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Hall may have to mothball new sewer pump station
Recession slows rate of growth; additional capacity not needed now
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The sewage pump station on Winder Highway should be complete by June, but county officials don’t plan on using it much then.

The county is "mothballing" an agreement it has with Gainesville to operate the pump station until the county can afford to run the station at full capacity.

In the mean time, Assistant County Administrator Phil Sutton said a private contractor can run the county’s sewer service for half the cost of having the city maintain it.

County officials signed an agreement with Gainesville’s Public Utilities Department in 2005 that the city utility would oversee the permitting and construction of county sewage facilities, and operate them — specifically the Mulberry Creek pump station under construction on Winder Highway — for about $1.4 million annually.

The county says it currently cannot afford to abide by that agreement. Hall Public Works Director Ken Rearden blames the economy.

When the county commission signed an agreement with the city to send up to 1 million gallons of sewage daily from the Winder Highway pump station to the city’s Flat Creek Water Reclamation Facility, county officials were expecting greater growth, and much more sewage, to come in South Hall, Rearden said.

But when the housing market died, so did sewer extensions in that end of the county and the need to pump sewage to the city’s facilities, he said. Rearden said the department has not sold a new sewer tap in South Hall in three months.

"We just are in a bad economic time right now," Rearden said.

"We thought we would be in a lot better position here and that’s why we took off with this big project, you know, to add another million gallons (per day) of (sewage) flow, because of the rapid growth that took place in South Hall County in the early 2000s, and it’s dead right now."

The Spout Springs Water Reclamation Facility can handle 750,000 gallons of sewage daily, and for now South Hall residents only use about 140,000 gallons a day, Rearden said.

The county pays a private contractor $600,000 a year to operate that facility, compared with the $1.4 million it would pay the city to operate its facilities, Rearden said.

Though county officials still are working out the details, they told city utilities director Kelly Randall of the decision last week.

"Our rate structure is so critical that we’re having to take a different approach to the sewer agreements at this time," said Hall County Board of Commissioners Chairman Tom Oliver. "We think it’s a temporary solution that might change in several years ... everything’s not in stone."

Randall told council members at a planning workshop for his department last weekend that he and Tim Collins met Thursday with Rearden and Finance Director Michaela Thompson, and Rearden told him the county commission decided it could no longer afford to have Gainesville operate its sewer system.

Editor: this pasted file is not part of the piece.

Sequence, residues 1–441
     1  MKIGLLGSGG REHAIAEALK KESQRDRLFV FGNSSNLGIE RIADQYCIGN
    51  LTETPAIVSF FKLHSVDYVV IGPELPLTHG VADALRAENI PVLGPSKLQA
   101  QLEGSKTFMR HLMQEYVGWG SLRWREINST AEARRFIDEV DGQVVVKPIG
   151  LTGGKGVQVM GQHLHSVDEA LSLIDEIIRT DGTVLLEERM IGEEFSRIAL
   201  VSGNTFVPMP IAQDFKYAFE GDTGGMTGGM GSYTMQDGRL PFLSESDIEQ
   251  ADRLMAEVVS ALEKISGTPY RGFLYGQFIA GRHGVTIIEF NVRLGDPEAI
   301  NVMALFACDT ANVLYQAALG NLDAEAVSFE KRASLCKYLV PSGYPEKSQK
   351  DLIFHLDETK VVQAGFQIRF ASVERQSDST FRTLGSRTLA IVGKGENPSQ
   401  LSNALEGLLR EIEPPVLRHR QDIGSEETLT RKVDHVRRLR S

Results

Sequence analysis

"Frankly, this is another agreement that they’ve backed out on," Randall said.

Randall’s announcement Saturday was followed with a hint of hard feelings from some council members.

"We’re going to need a tractor trailer to carry all those agreements to the compactor," City Councilman Danny Dunagan said.

But Randall said the county’s decision will have a minimum impact on the city utility department’s budget. Most of the money the county would pay the utility for operating the pump station would have been spent operating the county utility. Only about $100,000 would have been actual revenue, he said.

"If we were going to bring in a million dollars, we were going to spend a million," Randall said.

Still, the county’s $30 million investment in the pump station cannot be completely "mothballed," Randall said. To keep the pumps in good condition, the county will have to periodically pump sewage to Flat Creek Wastewater Reclamation Facility. Pump stations, like cars, have to be used, he said.

"They will have to exercise those pumps," Randall said. "They will have to go ahead and get it operational and use them from time to time."

Randall said that with such low sewage flows, odor could also be a problem with the facility. Rearden said county officials still are working out the details of maintaining the "mothballed" pump station and how odor will be controlled.

"If the flows aren’t there in those pump stations, then they definitely will have issues with odors in those large pump stations," Rearden said. "We’re evaluating how those pump stations can, quote, ‘be mothballed’ until we get a larger flow into the system."

The county will leave open the possibility of continuing the agreement with the city when the housing market and sewer growth turns around, Rearden said.

"As long as they’re OK with that, too, " Rearden said. "I mean, it’s got to be a both-party, mutual agreement to continue this relationship like that."

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